It used to be, says David Kinnaman, that Christianity was both big and beloved in the U.S. even among its non-adherents. Back in 1996, a poll taken by Kinnaman's organization, the Barna Group, found that 83% of Americans identified themselves as Christians, and that fewer than 20% of non-Christians held an unfavorable view of Christianity. But, as Kinnaman puts it in his new book (co-authored with Gabe Lyons) UnChristian, "That was then."
Barna polls conducted between 2004 and this year, sampling 440 non-Christians (and a similar number of Christians) aged 16 to 29, found that 38% had a "bad impression" of present-day Christianity. "It's not a pretty picture" the authors write. Barna's clientele is made up primarily of evangelical groups.
Kinnaman says non-Christians' biggest complaints about the faith are not immediately theological: Jesus and the Bible get relatively good marks. Rather, he sees resentment as focused on perceived Christian attitudes. Nine out of ten outsiders found Christians too "anti-homosexual," and nearly as many perceived it as "hypocritical" and "judgmental." Seventy-five percent found it "too involved in politics."
Not only has the decline in non-Christians' regard for Christianity been severe, but Barna results also show a rapid increase in the number of people describing themselves as non-Christian. One reason may be that the study used a stricter definition of "Christian" that applied to only 73% of Americans. Still, Kinnaman claims that however defined, the number of non-Christians is growing with each succeeding generation: His study found that 23% of Americans over 61 were non-Christians; 27% among people ages 42-60; and 40% among 16-29 year olds. Younger Christians, he concludes, are therefore likely to live in an environment where two out of every five of their peers is not a Christian.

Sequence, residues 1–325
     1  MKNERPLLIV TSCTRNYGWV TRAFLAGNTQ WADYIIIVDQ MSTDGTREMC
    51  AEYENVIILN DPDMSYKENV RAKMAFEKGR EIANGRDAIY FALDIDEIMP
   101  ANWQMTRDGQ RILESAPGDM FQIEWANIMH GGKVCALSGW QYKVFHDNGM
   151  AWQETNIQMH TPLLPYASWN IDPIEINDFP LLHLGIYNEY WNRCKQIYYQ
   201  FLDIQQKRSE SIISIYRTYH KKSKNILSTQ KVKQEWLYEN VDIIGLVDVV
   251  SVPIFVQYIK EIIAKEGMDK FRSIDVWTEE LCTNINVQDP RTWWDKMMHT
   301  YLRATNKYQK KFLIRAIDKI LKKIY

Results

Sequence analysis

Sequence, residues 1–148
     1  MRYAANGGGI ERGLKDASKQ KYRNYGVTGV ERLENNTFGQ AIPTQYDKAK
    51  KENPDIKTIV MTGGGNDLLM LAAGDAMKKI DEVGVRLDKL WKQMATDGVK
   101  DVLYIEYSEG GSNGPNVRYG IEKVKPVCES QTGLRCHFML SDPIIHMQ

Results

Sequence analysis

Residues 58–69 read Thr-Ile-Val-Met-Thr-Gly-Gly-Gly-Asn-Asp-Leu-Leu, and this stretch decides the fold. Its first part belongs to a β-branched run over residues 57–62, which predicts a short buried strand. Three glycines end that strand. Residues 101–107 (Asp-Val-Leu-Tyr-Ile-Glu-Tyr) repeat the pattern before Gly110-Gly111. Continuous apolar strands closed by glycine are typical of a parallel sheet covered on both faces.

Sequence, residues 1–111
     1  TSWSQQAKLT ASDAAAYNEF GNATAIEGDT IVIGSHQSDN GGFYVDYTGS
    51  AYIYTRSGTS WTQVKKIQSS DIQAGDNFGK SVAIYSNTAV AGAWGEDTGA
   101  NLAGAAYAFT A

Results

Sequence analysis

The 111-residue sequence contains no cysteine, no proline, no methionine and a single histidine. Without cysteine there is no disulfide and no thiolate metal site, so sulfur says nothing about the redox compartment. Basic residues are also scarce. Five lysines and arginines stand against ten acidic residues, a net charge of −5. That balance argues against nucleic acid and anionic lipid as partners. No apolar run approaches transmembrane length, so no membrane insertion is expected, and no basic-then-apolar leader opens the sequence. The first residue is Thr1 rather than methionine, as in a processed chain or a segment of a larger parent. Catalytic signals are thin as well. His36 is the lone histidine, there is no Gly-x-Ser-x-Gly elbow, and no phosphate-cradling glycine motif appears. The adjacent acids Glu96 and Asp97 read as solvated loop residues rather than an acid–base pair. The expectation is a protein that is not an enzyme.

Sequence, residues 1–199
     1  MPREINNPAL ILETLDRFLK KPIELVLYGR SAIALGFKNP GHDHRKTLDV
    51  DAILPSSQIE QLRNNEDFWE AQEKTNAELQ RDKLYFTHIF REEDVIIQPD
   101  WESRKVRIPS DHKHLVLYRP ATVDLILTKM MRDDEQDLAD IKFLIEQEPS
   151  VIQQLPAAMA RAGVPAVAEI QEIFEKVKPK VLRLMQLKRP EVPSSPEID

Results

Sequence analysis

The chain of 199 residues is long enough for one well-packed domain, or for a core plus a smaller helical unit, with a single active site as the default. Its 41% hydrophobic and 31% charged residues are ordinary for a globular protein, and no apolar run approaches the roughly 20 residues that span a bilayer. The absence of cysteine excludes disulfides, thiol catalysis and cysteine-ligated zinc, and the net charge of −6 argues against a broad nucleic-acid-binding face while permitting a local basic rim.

Churchgoers of the same age share several of the non-Christians' complaints about Christianity. For instance, 80% of the Christians polled picked "anti-homosexual" as a negative adjective describing Christianity today. And the view of 85% of non-Christians aged 16-29 that present day Christianity is "hypocritical saying one thing doing another," was, in fact, shared by 52% of Christians of the same age. Fifty percent found their own faith "too involved in politics." Forty-four percent found it "confusing."
Christians have always been aware of image problems with non-believers. Says Kinnaman: "The question is whether to care." But given the increasing non-Christian population and the fact that many of the concerns raised by non-believers are shared by young Christians, he says, there really is no option but to address the crisis.